About Beijing Watch Fatory and the Atelier Series:
BeijingWatch Factory was founded in June 1958, and the current facility spans of 100,000 square meters and employing over 600 people, with the know-how and capability to design, develop and produce its own in-house movements and watches. It became a main aspiration for the Chinese elite throughout the second half of last century.
In 2000, a small and separate “Atelier Series” atelier was formed inside the company with the sole purpose of researching, developing, and producing high-end movements and watches. In 2004, the first high-end movement was developed (SB-18) movement used in the Atelier series cloisonné enamel watches. Around the same year, the atelier developed produced its first in-house tourbillon. Subsequent technological break-through took place in rapid succession – double tourbillon in 2007, skeleton double tourbillon in 2008, bi-axial tourbillon in 2009, and minute repeater tourbillon in 2010.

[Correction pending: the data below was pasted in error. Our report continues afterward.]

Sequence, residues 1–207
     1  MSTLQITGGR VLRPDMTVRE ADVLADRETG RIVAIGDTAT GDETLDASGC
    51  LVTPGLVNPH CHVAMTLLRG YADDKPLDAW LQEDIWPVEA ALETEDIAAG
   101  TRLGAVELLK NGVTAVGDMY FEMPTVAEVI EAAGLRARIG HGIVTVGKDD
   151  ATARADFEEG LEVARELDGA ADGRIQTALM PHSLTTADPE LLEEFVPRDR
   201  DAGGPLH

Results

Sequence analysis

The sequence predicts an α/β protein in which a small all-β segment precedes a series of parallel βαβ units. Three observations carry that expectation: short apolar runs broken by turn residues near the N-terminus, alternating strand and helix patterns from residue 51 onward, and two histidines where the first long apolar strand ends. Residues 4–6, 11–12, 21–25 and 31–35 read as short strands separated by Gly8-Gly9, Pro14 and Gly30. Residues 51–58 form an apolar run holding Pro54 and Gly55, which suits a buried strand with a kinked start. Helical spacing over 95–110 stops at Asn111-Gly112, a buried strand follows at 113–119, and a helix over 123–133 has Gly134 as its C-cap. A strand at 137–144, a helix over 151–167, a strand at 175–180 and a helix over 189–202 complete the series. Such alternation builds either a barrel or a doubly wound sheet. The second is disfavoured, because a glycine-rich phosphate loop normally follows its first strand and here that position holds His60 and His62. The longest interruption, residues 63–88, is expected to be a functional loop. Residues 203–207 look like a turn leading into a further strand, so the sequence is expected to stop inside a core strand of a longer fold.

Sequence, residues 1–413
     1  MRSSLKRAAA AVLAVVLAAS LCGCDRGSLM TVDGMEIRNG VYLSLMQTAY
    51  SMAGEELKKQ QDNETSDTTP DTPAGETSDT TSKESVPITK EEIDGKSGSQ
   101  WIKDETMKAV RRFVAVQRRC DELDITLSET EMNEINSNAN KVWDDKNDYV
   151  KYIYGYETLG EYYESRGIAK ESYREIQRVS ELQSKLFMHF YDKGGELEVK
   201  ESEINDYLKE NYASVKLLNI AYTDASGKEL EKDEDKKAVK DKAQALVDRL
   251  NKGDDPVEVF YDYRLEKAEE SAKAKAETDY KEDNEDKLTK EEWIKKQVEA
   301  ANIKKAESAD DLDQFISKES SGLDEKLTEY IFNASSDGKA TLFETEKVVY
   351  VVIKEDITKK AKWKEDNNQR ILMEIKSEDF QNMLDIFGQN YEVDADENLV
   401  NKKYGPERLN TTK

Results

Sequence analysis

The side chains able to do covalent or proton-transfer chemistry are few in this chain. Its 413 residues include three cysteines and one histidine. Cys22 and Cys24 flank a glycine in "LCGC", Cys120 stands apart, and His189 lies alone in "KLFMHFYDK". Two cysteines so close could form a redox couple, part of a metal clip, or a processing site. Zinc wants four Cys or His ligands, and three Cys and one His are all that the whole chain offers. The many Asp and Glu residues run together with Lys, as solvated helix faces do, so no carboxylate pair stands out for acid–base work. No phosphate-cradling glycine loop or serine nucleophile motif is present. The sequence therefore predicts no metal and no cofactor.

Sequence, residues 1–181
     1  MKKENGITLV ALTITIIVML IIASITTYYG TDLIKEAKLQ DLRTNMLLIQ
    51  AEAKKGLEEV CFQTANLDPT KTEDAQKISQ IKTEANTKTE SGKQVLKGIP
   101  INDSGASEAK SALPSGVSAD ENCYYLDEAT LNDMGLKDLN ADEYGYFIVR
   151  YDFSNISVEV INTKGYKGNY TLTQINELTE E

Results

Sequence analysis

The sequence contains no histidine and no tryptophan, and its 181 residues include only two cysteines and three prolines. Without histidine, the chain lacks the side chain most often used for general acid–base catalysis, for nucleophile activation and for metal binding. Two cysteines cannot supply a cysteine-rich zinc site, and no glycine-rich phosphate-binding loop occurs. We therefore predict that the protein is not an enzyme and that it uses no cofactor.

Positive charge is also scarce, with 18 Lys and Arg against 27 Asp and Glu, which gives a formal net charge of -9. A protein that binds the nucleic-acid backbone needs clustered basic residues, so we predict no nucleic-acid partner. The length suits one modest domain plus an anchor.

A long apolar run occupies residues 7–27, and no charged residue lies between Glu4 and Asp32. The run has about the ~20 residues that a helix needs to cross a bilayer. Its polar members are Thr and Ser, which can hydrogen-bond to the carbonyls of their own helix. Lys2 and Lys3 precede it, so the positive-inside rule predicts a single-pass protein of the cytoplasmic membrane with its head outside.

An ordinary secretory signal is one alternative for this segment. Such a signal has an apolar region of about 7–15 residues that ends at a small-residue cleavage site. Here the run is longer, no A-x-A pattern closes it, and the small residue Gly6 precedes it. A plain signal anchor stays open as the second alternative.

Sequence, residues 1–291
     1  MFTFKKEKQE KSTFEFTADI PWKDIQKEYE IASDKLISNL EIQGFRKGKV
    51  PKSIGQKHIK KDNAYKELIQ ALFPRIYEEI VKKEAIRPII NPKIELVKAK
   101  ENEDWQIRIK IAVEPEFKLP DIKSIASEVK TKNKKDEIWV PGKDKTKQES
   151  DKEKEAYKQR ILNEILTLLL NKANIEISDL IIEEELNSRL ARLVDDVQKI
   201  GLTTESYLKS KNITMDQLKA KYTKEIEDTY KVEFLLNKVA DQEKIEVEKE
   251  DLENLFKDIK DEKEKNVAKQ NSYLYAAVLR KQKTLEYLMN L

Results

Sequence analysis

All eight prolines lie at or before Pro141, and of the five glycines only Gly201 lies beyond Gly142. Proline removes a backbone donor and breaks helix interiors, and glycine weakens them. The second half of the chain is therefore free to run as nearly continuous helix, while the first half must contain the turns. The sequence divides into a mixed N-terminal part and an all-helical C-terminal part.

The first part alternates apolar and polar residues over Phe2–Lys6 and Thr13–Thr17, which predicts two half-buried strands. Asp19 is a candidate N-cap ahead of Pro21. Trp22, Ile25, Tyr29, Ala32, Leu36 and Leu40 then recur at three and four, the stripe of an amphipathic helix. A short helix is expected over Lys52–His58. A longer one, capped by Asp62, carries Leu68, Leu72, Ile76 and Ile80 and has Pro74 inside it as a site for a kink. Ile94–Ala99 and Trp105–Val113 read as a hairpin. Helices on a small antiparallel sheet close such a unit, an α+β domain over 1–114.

The Atelier models are distinctly different from the main stream production. Hundreds of hours of labor and passion were devoted in crafting each piece, resulting in masterpieces that rival the best of the Swiss products. They have also performed well in international auctions such as Sothebys and Christies, with the record of a phoenix enamel tourbillon watch fetching over US$500,000 in auction prices.
Because of these achievement, all primarily within the last decade, the atelier has gained fame and respect among international connoisseur circles, for combining high-end traditional watchmaking techniques, finishing, with traditional Chinese art forms such as cloisonné enameling. Each enamel dial requires tens of hours of dedication to complete, not to mention over 80% failure rate during the each successive firing step. Hence, an artist must create on average 5-6 dials, in order to have a perfect one.
There are only 2 master artists in the company who could do this, and only a handful in Beijing who could perform enameling at this highest level. This is rapidly becoming a “lost art”.